Undecidability of the Spectral Gap (short version)
Toby Cubitt; David Perez-Garcia; Michael M. Wolf
2015-02-13T23:59:59.000Z
The spectral gap -- the difference in energy between the ground state and the first excited state -- is one of the most important properties of a quantum many-body system. Quantum phase transitions occur when the spectral gap vanishes and the system becomes critical. Much of physics is concerned with understanding the phase diagrams of quantum systems, and some of the most challenging and long-standing open problems in theoretical physics concern the spectral gap, such as the Haldane conjecture that the Heisenberg chain is gapped for integer spin, proving existence of a gapped topological spin liquid phase, or the Yang-Mills gap conjecture (one of the Millennium Prize problems). These problems are all particular cases of the general spectral gap problem: Given a quantum many-body Hamiltonian, is the system it describes gapped or gapless? Here we show that this problem is undecidable, in the same sense as the Halting Problem was proven to be undecidable by Turing. A consequence of this is that the spectral gap of certain quantum many-body Hamiltonians is not determined by the axioms of mathematics, much as Goedels incompleteness theorem implies that certain theorems are mathematically unprovable. We extend these results to prove undecidability of other low temperature properties, such as correlation functions. The proof hinges on simple quantum many-body models that exhibit highly unusual physics in the thermodynamic limit.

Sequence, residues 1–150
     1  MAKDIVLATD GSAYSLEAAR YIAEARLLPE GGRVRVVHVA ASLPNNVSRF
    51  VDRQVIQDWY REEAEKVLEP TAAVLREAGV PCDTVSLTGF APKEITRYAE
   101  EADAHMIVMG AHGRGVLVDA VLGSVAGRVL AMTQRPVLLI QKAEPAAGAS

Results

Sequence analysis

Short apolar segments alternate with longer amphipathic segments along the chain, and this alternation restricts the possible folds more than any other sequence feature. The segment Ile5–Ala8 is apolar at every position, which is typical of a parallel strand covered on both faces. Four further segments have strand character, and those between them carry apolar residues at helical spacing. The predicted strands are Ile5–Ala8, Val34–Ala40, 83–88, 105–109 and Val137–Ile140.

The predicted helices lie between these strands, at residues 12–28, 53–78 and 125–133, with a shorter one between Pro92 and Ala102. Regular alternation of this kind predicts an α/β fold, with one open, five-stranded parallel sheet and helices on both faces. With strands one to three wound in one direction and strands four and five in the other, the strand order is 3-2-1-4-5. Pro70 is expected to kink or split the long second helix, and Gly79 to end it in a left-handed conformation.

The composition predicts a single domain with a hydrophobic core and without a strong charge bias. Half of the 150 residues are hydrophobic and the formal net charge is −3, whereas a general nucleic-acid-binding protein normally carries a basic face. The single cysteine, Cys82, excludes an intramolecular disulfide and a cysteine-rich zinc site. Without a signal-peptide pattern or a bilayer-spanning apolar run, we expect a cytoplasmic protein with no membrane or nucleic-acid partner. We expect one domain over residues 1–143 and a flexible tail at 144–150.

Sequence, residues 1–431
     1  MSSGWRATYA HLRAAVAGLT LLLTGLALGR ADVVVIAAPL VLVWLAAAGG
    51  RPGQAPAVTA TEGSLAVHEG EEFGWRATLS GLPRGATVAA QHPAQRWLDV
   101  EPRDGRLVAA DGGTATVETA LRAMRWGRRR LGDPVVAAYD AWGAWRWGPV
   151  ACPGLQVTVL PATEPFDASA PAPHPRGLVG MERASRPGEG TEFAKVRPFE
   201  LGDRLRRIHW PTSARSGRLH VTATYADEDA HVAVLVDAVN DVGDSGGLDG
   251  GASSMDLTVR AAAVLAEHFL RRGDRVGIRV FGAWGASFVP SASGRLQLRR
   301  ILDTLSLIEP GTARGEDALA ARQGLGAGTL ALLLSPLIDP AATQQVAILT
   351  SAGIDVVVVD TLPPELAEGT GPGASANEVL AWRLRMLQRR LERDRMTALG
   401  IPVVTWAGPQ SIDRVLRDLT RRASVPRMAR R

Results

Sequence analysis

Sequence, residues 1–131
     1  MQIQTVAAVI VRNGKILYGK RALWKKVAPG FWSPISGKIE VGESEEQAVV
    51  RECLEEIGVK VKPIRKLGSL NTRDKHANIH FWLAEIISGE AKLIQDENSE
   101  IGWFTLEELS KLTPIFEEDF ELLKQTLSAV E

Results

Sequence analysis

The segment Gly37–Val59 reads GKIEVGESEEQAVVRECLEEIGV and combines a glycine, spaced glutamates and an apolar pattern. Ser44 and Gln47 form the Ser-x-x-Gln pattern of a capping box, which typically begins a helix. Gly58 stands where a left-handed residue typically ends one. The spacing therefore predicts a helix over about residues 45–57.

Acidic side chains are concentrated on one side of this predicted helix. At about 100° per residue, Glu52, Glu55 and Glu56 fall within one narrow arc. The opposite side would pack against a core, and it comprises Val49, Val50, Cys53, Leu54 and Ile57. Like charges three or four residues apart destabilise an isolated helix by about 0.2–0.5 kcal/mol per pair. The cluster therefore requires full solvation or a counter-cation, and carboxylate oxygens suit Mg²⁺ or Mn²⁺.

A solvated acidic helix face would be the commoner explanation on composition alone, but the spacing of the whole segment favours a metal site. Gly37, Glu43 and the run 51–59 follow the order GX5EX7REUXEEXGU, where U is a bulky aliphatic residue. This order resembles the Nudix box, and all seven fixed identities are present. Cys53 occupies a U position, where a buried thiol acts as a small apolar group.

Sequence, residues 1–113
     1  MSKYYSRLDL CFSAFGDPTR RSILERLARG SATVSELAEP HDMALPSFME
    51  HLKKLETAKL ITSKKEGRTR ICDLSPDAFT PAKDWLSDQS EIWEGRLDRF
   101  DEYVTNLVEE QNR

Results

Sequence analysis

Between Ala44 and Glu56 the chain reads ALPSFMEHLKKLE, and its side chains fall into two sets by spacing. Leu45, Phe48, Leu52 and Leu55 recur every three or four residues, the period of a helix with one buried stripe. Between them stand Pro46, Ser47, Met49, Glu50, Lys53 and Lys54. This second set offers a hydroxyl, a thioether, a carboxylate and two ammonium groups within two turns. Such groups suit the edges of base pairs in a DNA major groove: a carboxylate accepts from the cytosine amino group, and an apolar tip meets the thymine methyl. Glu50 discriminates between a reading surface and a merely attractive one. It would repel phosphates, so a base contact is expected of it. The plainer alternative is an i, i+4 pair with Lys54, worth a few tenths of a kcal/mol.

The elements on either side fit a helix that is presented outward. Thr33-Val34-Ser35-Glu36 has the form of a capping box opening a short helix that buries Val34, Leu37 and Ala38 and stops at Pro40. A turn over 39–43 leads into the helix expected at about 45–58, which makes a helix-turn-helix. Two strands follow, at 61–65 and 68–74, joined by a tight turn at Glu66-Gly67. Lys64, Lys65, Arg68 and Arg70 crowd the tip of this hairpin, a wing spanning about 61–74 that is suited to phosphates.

FAQS Gap Analysis Qualification Card – Criticality Safety
Broader source: Energy.gov [DOE]
Functional Area Qualification Standard Gap Analysis Qualification Cards outline the differences between the last and latest version of the FAQ Standard.
FAQS Gap Analysis Qualification Card – Radiation Protection
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Functional Area Qualification Standard Gap Analysis Qualification Cards outline the differences between the last and latest version of the FAQ Standard.
FAQS Gap Analysis Qualification Card – Environmental Restoration
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Functional Area Qualification Standard Gap Analysis Qualification Cards outline the differences between the last and latest version of the FAQ Standard.